Your Account On Facebook — And Websites That Use Facebook Login — Could Be Compromised. Here’s What We Know.
Facebook still has no idea who the attackers are.
In a blog post, Guy Rosen, Facebook VP of product management, acknowledged that some third-party apps using Facebook Login, including those not using official Facebook SDKs or regularly checking whether Facebook access tokens are valid, may still be exposing users.
"We’re building a tool to enable developers to manually identify the users of their apps who may have been affected, so that they can log them out," Rosen wrote. He did not mention when the tool will be available.
Facebook recently disclosed that the security of 50 million profiles was compromised when attackers stole “access tokens” that allowed them to break into these accounts.
Facebook discovered the breach Tuesday, Sept. 25, and it reset access tokens, forcing users to log back in to their accounts, on Thursday, Sept. 27. The company disclosed the attack last Friday.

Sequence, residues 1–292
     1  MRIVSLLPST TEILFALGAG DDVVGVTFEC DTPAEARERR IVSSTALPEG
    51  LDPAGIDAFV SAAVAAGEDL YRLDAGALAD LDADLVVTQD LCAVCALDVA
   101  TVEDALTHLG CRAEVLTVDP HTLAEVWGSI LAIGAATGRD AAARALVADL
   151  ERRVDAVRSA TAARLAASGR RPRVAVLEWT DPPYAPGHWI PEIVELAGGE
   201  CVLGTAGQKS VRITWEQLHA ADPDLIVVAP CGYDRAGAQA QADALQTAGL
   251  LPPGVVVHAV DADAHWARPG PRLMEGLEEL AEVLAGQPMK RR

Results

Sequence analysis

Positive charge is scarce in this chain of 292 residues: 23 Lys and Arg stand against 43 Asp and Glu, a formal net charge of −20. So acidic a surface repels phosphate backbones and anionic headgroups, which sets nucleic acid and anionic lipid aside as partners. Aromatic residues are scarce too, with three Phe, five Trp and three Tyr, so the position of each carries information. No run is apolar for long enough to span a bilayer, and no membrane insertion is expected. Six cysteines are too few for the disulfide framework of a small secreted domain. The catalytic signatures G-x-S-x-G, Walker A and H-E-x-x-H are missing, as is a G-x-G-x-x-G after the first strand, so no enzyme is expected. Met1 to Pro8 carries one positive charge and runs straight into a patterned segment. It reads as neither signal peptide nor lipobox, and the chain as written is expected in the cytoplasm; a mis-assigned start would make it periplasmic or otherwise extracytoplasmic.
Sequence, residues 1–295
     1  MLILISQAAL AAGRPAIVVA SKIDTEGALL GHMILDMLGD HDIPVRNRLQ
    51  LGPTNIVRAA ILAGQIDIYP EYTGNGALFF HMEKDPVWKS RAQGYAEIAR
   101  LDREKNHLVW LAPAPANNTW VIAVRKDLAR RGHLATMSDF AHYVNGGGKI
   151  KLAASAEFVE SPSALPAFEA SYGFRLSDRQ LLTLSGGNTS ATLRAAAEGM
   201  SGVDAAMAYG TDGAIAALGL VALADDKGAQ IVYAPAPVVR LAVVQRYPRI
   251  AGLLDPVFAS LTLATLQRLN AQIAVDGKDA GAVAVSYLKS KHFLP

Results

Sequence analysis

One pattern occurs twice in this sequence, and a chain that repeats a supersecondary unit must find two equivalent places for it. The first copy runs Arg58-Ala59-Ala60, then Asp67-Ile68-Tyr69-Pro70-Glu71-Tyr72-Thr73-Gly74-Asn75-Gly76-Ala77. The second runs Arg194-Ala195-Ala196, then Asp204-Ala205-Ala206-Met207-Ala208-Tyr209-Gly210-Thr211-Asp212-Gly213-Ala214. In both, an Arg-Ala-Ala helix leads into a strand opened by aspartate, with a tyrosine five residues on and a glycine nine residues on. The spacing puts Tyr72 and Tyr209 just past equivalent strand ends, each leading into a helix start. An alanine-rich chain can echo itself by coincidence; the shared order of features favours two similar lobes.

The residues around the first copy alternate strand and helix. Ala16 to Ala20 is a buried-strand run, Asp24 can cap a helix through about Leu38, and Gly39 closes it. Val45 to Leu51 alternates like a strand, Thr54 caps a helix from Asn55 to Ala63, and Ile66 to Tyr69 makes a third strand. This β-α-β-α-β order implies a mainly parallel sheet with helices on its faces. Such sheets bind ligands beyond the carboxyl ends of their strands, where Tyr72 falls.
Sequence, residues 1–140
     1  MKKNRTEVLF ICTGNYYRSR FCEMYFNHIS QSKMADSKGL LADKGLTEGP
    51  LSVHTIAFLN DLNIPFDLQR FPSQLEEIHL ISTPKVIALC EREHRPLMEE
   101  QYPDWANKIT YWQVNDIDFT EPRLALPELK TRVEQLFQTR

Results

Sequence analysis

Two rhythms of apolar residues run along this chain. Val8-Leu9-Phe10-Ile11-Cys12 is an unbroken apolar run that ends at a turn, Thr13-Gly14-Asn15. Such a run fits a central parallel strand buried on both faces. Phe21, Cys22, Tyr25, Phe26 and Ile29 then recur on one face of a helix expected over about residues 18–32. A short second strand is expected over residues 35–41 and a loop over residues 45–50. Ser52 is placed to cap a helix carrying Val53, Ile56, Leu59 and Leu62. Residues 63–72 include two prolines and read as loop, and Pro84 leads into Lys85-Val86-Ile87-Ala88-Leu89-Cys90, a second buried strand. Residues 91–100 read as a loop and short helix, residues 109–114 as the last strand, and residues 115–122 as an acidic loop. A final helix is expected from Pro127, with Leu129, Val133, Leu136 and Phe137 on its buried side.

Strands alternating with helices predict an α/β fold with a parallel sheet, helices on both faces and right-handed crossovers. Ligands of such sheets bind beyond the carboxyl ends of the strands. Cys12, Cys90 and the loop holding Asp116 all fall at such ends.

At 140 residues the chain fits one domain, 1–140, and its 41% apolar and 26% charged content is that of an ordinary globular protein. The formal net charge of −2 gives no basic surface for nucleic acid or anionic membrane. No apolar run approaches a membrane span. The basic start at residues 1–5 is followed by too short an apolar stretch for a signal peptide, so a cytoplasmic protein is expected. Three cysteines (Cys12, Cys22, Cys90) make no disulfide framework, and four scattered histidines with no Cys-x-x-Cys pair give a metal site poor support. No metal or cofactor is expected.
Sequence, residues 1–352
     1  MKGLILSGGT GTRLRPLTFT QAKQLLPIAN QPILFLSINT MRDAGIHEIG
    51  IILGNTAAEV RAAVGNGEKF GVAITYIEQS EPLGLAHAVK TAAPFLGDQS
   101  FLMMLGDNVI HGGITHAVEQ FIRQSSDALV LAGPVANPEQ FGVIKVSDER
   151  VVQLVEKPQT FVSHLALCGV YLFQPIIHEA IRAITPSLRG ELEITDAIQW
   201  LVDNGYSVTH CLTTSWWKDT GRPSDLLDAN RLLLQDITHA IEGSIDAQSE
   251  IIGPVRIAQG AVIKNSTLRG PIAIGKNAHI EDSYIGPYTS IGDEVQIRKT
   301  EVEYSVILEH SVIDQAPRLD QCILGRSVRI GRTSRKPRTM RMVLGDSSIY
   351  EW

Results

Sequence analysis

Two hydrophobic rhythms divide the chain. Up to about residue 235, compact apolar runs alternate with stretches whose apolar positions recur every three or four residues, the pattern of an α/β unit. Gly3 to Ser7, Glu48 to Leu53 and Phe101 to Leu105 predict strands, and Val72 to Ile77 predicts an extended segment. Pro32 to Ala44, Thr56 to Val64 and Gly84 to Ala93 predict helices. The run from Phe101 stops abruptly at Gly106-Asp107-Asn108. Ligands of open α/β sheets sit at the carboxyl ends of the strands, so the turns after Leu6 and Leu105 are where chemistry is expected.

In addition to Facebook accounts, the stolen access tokens may also compromise accounts on any third-party website that uses Facebook Login.
Some people are unsure about what that means for the security of their Facebook accounts, so here’s a breakdown of everything we know.
First, it’s likely that the breach impacted you.
Facebook reset the access tokens of 50 million compromised accounts, and as a precaution, it reset another 40 million accounts that it thinks may have been breached.
By resetting the tokens, Facebook rendered the stolen tokens invalid. Users were forced to reenter their passwords and log back in to their Facebook accounts.
While WhatsApp users are not affected (WhatsApp is owned by Facebook), Instagram users might be, so the company prompted Instagram users to unlink and relink their Facebook accounts.
You don’t necessarily need to change your password, but you should review where you’re logged in to Facebook.
An access token isn’t a password. It’s a string of characters that allows you to stay signed in to Facebook. Access tokens are like “digital keys,” Facebook says, that keep you logged in to your Facebook account even when you’re not actively using Facebook, so you don’t have to reenter a password every time you visit.